Soft water may sound ok, but the results are not desirable. Water that is too soft will begin to irritate the skin, causing dryness and red eyes. It will also start to damage swim gear like goggles and swim caps. Soft water will also keep the chlorine in your pool from working effectively. You will have to keep adding chlorine, up to 80% more, to get the same results, wasting time and money.
Water that is too soft can also cause undesirable chemical reactions. Calcium in the pool water can combine with carbonates to form unsightly scales around the edge of the pool. These scales can trap dust and dirt, eventually turning into dirty black scales surrounding your pool.
Another unwelcome chemical reaction caused by calcium carbonate is calcium carbonate formation when calcium in the water combines with carbonates. The calcium carbonate can clog a sand filter, ultimately turning the sand into a material more like cement. Fixing this is not a do-it-yourself job and can sometimes be quite costly.
The simplest fix to high pH in your pool is to add some pH minus. pH minus is an acidic solution that will lower the pH of your pool water. However, determining the cause of the pH rise and resolving the issue will take a little more detective work.
Low pH in a Swimming Pool
Low pH in a swimming pool is also a reason for concern. While a slightly low pH is not a huge problem, as the pH drops, the acidity rises, and this can cause some severe issues.
First of all, acidity in the water can negatively affect swimmers, causing irritated skin and burning eyes and mucous membranes. Acidity in the water can also start to eat away at metal fixtures, such as ladders and handrails.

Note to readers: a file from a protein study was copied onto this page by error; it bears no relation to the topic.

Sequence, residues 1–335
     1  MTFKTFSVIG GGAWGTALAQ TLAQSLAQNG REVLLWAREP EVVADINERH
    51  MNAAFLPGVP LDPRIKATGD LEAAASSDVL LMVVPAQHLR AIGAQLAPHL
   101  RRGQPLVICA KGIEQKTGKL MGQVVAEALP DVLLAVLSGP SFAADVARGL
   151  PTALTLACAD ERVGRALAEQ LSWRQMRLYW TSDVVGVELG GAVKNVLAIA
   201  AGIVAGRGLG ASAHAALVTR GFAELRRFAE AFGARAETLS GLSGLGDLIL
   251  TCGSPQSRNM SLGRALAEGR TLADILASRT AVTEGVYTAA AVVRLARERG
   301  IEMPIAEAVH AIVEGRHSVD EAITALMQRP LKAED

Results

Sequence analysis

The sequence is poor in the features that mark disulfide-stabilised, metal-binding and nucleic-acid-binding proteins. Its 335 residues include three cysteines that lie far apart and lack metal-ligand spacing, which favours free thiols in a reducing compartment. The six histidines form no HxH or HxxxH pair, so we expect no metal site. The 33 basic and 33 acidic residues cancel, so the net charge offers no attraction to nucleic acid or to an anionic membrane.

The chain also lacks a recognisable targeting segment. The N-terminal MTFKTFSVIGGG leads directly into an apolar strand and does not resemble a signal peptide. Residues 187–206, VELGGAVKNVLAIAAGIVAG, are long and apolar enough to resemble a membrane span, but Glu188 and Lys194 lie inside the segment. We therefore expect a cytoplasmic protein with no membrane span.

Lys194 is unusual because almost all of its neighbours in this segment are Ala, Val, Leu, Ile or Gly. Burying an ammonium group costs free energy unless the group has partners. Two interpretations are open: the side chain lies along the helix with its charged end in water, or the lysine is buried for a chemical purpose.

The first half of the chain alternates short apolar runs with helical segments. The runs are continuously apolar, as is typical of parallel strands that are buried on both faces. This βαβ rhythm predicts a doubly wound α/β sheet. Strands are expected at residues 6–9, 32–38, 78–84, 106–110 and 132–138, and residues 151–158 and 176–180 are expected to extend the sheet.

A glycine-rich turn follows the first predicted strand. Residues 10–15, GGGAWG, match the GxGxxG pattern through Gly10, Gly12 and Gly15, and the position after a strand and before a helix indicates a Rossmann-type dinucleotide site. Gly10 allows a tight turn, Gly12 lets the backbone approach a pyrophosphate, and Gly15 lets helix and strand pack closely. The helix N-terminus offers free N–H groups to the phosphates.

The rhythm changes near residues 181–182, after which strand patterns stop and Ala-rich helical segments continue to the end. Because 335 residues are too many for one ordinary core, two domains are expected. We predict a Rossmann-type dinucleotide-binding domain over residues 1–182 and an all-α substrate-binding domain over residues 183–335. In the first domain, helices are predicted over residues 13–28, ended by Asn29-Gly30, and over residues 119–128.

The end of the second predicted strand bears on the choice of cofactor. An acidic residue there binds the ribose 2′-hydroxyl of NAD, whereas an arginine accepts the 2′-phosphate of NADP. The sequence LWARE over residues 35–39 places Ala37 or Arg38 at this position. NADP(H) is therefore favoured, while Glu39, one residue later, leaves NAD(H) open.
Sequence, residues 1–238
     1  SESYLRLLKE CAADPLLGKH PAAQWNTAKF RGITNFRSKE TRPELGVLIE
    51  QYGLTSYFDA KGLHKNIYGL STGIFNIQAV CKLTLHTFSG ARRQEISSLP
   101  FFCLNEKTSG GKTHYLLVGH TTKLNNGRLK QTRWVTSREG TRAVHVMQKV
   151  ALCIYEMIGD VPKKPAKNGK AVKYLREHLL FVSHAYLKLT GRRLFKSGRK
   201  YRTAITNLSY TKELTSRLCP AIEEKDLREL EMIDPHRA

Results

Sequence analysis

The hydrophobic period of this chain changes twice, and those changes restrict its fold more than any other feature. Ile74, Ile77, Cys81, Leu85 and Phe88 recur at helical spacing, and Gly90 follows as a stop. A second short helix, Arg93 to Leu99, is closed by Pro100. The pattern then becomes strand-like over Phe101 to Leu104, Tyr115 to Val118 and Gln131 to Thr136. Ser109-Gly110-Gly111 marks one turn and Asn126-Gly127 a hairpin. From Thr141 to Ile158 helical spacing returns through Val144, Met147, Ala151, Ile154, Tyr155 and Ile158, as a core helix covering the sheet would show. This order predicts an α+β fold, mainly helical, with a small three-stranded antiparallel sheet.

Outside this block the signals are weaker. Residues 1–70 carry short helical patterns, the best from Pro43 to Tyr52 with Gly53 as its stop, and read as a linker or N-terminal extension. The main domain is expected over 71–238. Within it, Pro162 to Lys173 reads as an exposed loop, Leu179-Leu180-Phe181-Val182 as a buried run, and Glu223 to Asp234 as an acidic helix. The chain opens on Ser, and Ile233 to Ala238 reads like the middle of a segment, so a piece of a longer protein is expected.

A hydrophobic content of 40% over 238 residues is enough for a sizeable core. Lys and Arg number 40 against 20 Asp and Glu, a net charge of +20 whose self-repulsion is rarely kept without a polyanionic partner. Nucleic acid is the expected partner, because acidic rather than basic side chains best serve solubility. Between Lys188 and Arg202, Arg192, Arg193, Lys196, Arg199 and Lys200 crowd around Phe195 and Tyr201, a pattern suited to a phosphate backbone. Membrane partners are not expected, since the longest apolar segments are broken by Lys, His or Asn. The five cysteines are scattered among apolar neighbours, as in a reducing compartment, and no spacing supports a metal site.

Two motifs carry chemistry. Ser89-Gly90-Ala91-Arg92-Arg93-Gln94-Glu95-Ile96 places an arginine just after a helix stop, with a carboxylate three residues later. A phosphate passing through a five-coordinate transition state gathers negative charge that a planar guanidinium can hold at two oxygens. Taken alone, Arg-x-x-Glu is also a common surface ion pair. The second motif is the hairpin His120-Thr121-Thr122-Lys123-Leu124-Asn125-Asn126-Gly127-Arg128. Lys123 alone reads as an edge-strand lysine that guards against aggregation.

Corrosion from the acid in the water causes rust which can create discoloration in the area around the rust. If the pH imbalance is left unchecked, corrosion can even weaken pool fixtures to the point that they need to be replaced.
The low pH will also eat away at the pool’s plaster and grout. Low pH water can also cause pool accessories, such as floating toys and pool noodles, swimsuits, goggles, and swim caps, to fade as the acid burns out the color.
Just like high pH, low pH can increase the necessary dosage of chlorine in your water since the low pH causes the chlorine to dissipate more quickly.
Causes of Low pH in a Swimming Pool
One common cause of low pH in a swimming pool is acid rain. Due to environmental pollution, much of the precipitation we receive actually has a pretty low pH. After heavy rainfall, the addition of this low pH water to your pool can be enough to cause a significant drop in pH levels.
Another common cause of consistently low pH is low total alkalinity. Before attempting to use a pH increaser, you should check the total alkalinity of your pool water. Standard pH increaser usually contains sodium carbonate. This should not be confused with sodium bicarbonate, which is used to increase your pool’s total alkalinity.
Consider Hiring a Professional
Controlling pH is just one part of maintaining the proper overall balance of your pool water. Maintaining balance actually means handling several different chemicals. You have to keep their levels in check and continually monitor chemical levels to make adjustments as necessary. Ideally, a pool should be checked daily, though it is more realistic to inspect a pool weekly.
While it is possible to check and manage the balance of your pool water yourself, there are many potential pitfalls. Any of a number of mistakes or incorrect readings can lead to costly and dangerous mistakes. If you are not 100% sure of what you are doing, your best bet is to hire a professional pool maintenance team. The Pool Butler can keep your pool water balanced and your pool in optimum shape. The Pool Butler has a complete suite of services. Find services you could use to simplify your life and keep your pool clean, safe, and in good condition.